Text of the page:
From: email@example.com [mailto:firstname.lastname@example.org]
Sir or Madam,
please find attached my letter documenting my position that the real estate market is extremely competitive, thus serving the American Public by offering choice.
Very Truly Yours,
38 Miller Avenue, PMB 174
Mill Valley, CA 94941
415 897-5345 (direct)
415 516.6132 (mobile)
October 20, 2005
RE: "Competition and the Real Estate Workshop" -- Comment, Project No. V050015
Dear Sir or Madam:
A new REALTOR® comes up against well established relationships, where experienced agents continue to market to and serve their former clients at a cost of time and expense to those successful agents. The new agent must provide superior service, but, but, but Â how to establish those relationships when you're brand new. There are only so many friends and family, and new agents soon disocover that they don't get the listing, because they are new and inexperienced. That's really the bottom line. And it's not a line easy to pass for the new agent, because the most successful careers are based on referral and return business. This forces, and it is a wonderful opportunity, the new agents to try harder, to attempt to come up with unique services and offerings.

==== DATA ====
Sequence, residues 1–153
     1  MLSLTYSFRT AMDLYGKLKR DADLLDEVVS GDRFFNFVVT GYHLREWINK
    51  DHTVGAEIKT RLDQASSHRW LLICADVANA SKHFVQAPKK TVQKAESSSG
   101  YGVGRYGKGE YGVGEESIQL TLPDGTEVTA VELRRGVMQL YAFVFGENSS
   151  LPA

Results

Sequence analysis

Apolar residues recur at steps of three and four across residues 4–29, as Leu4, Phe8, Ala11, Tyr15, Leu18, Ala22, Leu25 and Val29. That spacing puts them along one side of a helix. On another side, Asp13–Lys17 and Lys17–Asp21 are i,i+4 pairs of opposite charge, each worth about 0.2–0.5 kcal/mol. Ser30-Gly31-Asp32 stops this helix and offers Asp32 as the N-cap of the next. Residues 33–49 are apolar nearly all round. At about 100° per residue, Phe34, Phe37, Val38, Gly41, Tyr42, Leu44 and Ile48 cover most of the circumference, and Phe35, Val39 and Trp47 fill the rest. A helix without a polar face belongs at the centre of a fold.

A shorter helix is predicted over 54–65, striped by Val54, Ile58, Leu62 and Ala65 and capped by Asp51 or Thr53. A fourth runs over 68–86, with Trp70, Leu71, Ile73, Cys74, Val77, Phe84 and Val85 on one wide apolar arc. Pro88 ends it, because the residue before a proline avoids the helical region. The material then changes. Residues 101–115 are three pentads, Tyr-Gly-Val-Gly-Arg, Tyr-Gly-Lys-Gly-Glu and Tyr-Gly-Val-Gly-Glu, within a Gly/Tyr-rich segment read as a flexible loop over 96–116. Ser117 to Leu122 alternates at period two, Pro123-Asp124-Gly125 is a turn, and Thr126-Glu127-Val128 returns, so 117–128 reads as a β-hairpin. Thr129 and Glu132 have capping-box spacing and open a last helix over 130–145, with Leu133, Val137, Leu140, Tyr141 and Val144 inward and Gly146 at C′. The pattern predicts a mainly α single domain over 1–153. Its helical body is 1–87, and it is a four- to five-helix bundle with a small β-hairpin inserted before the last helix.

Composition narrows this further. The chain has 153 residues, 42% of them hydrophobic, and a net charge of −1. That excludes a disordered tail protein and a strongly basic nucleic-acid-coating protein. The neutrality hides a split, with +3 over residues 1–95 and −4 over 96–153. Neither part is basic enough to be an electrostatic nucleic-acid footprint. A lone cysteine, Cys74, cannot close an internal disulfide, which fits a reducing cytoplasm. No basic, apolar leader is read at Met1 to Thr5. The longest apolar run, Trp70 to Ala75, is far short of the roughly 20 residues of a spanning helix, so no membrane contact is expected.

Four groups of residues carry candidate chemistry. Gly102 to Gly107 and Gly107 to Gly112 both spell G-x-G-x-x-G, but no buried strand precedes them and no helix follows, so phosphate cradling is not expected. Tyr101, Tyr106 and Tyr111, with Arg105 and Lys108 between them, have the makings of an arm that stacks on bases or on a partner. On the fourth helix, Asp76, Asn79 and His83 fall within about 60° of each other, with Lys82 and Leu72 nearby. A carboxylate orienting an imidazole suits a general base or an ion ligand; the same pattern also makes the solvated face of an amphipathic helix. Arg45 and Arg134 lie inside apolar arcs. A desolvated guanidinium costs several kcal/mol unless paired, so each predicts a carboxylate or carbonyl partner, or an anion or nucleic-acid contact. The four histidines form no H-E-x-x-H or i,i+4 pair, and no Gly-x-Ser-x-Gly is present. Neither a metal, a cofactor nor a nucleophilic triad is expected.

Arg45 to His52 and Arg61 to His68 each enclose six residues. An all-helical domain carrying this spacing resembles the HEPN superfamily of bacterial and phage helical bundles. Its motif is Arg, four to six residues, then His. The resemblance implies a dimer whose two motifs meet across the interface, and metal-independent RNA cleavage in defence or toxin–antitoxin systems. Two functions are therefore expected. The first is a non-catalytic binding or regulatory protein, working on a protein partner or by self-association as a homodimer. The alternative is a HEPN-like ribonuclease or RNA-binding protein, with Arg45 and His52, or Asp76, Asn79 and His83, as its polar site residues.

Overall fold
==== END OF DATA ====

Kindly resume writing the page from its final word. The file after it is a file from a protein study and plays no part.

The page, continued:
All of this enables the American consumer of real estate services to have the very best of all worlds when either buying or selling real estate. The current model works. It is very competitive and the winner is the American consumer, and some smart real estate agents who are only successfully by providing superior service to the consumer. It's as simple as that.
While nothing encourages a competitive business environment more than providing consumers with choice; in the residential real estate marketplace, consumers not only are able to choose from more than 76,000 brokerage firms and more than 1.2 million REALTORS®, but also from a variety of business models.
Very truly yours,
Kenneth R. Kappel